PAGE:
Nostalgia is a wonderful thing, except when treasured memories are delusional. Which pretty much describes yesterday’s op-ed in NJ Spotlight signed by State Senator Ronald Rice Sr., Newark School Board member Leah Owens, Newark Teachers Union president John Abeigon, and other Newark luminaries. In this piece the writers lament that they were “disenfranchised by the state takeover of the public school system for 22 years” and — even worse — “boldly disrespected during the past six years,” i.e., during the superintendency of Cami Anderson and Chris Cerf. They demand audits! They demand the end to the “proliferation of charters” that “has tripled in the past six years under the Christie administration and its state-appointed superintendent”! They demand “credible and independent accounting” of this “significantly diminished and dismantled district”?
Ah, for the good old days when before state control when
- A 1993 Comprehensive Compliance Investigation described the district as a miasma of “low student test scores, high dropout rates, questionable expenditures of public funds, and crumbling buildings with health and safety hazards.”
- One out of every two Newark students didn’t graduate from high school, and average SAT scores were 311 in verbal and 363 in math.
- A report by Sally Ann Fields, senior state deputy attorney general at the time of the takeover, concluded that “the Newark Public School system has been at best flagrantly delinquent and at worst deceptive in discharging its obligations to the children enrolled,” with school board members taking jaunts to Honolulu and billing the district for new cars and fine dining.
- In 1995, the year of the state takeover, a report described NPS as a district where children “are subjected to substandard facilities and poorly equipped classrooms and libraries” while ”the board of education of Newark” enjoys “the finer things in life, such as travel to Honolulu, St. Thomas and San Francisco, dinners at fine restaurants, new cars and flowers.”
And now? While no one claims that the first 15 years of state control did anyone any good, the “proliferation of charters” that the signatories of the op-ed want to end are wildly popular with Newark parents. In the first year of One Newark, the common enrollment system that is a result of collaboration among public charter and traditional schools, over 12,000 families submitted applications to the system. The seven most frequently ranked K-8 schools were charters and for more than 50 percent of Newark families, charters were their Number 1 choice. Fully 25% of K-8 applications ranked Uncommon’s schools first; 17% ranked KIPP Number 1. The top-ranked district choice, the high-achieving Ann Street school, accounted for only 5 percent of first-place applications.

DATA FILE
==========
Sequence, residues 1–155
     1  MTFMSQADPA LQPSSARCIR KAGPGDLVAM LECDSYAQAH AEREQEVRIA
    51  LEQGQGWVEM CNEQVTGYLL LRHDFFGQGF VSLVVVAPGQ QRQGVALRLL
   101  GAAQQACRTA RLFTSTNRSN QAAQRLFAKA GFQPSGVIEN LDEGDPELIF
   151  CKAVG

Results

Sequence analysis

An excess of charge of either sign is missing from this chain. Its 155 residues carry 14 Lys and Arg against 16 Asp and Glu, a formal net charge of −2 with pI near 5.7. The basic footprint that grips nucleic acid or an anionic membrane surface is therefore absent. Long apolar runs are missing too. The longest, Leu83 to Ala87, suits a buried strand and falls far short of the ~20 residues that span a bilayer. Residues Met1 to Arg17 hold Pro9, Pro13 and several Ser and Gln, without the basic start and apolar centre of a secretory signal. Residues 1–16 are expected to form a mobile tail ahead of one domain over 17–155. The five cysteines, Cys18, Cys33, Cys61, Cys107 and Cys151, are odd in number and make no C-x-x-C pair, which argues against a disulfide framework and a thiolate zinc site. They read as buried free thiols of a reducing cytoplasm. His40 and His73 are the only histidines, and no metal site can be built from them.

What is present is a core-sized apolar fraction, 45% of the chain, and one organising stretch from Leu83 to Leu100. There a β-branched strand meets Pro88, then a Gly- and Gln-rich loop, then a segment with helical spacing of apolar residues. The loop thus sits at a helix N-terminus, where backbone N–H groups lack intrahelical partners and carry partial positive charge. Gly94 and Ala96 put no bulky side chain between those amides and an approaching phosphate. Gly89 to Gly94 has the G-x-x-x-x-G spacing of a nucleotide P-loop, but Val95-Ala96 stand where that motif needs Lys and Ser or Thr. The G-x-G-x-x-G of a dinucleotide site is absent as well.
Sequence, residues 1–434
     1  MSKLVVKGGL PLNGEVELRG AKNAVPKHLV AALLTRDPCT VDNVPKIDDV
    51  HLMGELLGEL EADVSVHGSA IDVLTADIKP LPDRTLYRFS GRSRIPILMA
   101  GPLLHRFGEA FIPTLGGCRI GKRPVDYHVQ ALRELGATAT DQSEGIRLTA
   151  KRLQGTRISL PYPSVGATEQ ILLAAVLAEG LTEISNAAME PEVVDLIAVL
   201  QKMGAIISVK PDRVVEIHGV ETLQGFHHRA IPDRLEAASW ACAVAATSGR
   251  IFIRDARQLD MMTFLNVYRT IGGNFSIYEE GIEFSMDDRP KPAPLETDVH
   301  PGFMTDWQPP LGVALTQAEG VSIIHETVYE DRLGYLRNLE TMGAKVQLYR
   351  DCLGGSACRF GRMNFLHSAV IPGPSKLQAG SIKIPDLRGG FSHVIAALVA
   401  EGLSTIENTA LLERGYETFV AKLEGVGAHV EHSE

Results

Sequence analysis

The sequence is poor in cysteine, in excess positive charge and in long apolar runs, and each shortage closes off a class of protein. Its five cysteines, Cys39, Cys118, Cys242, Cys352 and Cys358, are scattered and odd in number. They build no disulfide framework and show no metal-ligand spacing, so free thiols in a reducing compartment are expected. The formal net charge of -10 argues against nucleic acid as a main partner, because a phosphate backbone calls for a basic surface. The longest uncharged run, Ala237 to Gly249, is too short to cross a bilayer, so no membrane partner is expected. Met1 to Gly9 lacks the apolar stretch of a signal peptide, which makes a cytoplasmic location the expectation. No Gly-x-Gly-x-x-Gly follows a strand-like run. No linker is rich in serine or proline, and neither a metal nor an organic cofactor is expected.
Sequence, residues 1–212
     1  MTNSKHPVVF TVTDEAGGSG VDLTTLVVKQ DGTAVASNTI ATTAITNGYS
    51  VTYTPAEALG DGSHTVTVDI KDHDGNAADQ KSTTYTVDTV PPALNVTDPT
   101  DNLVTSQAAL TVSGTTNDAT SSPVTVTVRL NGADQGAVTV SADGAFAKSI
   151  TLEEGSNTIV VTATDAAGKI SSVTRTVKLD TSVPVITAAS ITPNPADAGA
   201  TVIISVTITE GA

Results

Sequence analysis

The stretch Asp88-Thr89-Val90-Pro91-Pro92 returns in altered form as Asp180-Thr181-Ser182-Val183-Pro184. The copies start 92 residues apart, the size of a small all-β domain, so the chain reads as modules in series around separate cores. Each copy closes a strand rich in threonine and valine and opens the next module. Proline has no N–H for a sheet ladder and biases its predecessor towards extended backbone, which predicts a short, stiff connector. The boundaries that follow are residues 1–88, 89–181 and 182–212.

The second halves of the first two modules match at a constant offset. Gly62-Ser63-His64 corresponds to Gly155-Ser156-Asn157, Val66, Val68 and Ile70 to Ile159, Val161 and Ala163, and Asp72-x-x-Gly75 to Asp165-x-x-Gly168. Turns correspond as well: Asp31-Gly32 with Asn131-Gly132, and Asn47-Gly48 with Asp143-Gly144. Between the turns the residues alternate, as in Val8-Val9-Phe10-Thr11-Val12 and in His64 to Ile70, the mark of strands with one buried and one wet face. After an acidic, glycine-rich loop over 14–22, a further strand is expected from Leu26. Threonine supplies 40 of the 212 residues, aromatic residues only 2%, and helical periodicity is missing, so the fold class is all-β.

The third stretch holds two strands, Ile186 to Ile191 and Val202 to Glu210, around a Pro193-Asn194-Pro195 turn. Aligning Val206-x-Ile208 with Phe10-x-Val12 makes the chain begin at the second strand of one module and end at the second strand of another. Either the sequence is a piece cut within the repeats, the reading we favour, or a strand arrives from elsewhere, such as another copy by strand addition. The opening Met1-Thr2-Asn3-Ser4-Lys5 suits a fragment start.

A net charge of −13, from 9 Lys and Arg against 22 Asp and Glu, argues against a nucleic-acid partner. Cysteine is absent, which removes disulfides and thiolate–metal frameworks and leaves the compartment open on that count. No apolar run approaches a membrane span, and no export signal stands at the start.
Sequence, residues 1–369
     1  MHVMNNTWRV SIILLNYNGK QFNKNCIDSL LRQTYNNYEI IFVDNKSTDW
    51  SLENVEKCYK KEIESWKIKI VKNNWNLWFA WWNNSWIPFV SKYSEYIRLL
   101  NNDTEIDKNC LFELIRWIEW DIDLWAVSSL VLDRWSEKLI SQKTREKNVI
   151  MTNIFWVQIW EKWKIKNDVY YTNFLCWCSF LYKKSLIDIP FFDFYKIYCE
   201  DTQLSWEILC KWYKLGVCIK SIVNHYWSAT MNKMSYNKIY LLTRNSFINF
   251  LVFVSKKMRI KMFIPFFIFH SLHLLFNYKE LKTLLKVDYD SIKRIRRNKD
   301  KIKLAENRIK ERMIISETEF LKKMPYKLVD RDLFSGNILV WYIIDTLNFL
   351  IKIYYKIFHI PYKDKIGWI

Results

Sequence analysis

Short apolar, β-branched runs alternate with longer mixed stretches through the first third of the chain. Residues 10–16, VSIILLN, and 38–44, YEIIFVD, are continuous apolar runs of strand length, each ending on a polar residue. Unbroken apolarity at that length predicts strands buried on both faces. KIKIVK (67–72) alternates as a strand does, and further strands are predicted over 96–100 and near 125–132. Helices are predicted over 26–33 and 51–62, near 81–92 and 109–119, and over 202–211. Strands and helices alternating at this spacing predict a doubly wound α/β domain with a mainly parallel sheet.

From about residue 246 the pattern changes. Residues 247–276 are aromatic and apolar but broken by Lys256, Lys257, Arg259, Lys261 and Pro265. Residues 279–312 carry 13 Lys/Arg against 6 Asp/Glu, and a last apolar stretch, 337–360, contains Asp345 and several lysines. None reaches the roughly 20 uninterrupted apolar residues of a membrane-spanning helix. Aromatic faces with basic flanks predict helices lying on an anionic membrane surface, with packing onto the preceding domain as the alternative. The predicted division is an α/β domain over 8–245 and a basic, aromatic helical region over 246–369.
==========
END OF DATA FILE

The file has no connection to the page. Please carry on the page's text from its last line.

This past cycle of Newark Enrolls, the collaborative enrollment system that lets parents prioritize their choices among traditional district schools and public charters, over 50 percent of parents of incoming kindergarteners chose charters as their first choice.
And no wonder. A Stanford CREDO study reports that Newark’s charter sector is the second-highest-performing group in the nation and is yielding seven months of additional learning per year in both reading and math. Another study by the Center on Reinventing Public Education found that Newark has more “beat the odds” schools than any other city in the country. The just-issued report on Newark schoolchildren’s PARCC scores finds that “the percentage of NPS students meeting or exceeding expectations across all grades increased more quickly than the state average in both ELA and Math. NPS is up 2.7 points in ELA 3-11 [up nearly 8.7 points over 2 years]. NPS is up 2.8 points in Math 3-11 [up 5.3 points over 2 years].”
And, as expectations rise across the district, students enrolled in traditional schools are improving as well. Sometimes the tide does indeed lift all ships.
Yet this group of signatories doesn’t care. They’re concerned with adults, not schoolchildren; with audits, not student achievement; with the past, not the future.
Let them wallow in their nostalgia. Newark parents know what they want and there’s no going back.